(UPI) -- After more than 100 experts analyzed data from 1,170 surveys, it is now estimated that almost 400 billion trees belonging to 16,000 different species grow in the incredibly diverse Amazon Basin and Guiana Shield (Amazonia).
The findings, which have been published in the journal Science, were reached by analyzing the abundance, frequency and distribution of thousands of trees. The Amazon Basin -- which includes parts of Brazil, Peru and Columbia -- and the Guiana Shield together cover an area roughly the size of the continental United States.
“In essence, this means that the largest pool of tropical carbon on Earth has been a black box for ecologists, and conservationists don't know which Amazonian tree species face the most severe threats of extinction," said study author Dr. Nigel Pitman.
It is estimated that half the total number of trees belong to just 227 species.
"Thus, the most common species of trees in the Amazon now not only have a number, they also have a name," said co-author Dr. Hans ter Steege. "This is very valuable information for further research and policymaking."
According to the discussion section of the analysis:
"The finding that Amazonia is dominated by just 227 tree species implies that most biogeochemical cycling in the world’s largest tropical forest is performed by a tiny sliver of its diversity. The causes underlying hyperdominance in these species remain unknown. Both competitive superiority and widespread pre-1492 cultivation by humans are compelling hypotheses that deserve testing.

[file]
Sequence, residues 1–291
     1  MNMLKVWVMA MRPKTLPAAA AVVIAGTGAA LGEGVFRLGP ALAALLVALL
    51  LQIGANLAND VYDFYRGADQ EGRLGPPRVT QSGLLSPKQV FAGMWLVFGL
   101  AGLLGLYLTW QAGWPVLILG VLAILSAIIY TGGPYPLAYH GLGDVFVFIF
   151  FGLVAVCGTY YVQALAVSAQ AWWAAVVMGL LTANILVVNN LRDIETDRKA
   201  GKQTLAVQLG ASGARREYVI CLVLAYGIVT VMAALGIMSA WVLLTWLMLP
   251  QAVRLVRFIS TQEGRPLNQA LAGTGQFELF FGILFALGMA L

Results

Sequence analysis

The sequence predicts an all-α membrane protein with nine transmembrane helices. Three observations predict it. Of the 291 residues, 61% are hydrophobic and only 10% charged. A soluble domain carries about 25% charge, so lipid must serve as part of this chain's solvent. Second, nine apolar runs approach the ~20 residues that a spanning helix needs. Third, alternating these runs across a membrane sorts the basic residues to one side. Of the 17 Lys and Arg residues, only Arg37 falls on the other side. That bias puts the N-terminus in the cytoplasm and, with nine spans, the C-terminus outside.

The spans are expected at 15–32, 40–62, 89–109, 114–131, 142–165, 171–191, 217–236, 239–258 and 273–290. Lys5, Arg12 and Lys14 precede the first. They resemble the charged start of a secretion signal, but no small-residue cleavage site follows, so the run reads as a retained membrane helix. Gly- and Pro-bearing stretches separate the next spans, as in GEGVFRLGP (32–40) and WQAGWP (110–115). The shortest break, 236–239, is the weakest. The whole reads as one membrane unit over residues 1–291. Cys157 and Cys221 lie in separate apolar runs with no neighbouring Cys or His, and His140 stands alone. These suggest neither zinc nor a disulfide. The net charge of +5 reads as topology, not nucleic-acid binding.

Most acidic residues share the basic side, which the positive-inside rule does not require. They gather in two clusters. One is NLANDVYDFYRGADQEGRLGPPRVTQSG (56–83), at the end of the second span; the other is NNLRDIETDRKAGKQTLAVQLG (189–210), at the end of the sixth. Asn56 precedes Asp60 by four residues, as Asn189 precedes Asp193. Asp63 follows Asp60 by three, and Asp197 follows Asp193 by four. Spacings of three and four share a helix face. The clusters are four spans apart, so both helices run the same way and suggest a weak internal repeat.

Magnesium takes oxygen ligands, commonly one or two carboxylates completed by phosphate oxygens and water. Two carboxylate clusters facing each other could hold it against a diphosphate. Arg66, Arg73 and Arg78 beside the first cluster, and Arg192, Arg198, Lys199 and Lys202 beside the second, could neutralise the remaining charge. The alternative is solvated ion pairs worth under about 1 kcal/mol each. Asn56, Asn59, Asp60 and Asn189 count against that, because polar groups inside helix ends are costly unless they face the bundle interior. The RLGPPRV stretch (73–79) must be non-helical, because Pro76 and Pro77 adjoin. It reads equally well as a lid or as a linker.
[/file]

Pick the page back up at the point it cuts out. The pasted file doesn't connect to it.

Although the data suggest that spatial models can effectively forecast tree community composition and structure of unstudied sites in Amazonia, incorporating environmental data may yield substantial improvements. An appreciation of how thoroughly common species dominate the basin has the potential to simplify research in Amazonian biogeochemistry, ecology, and vegetation mapping."
The authors say these forecasting advancements can help researchers studying the more than 10,000 "rare, poorly known, and potentially threatened tree species in the Amazon."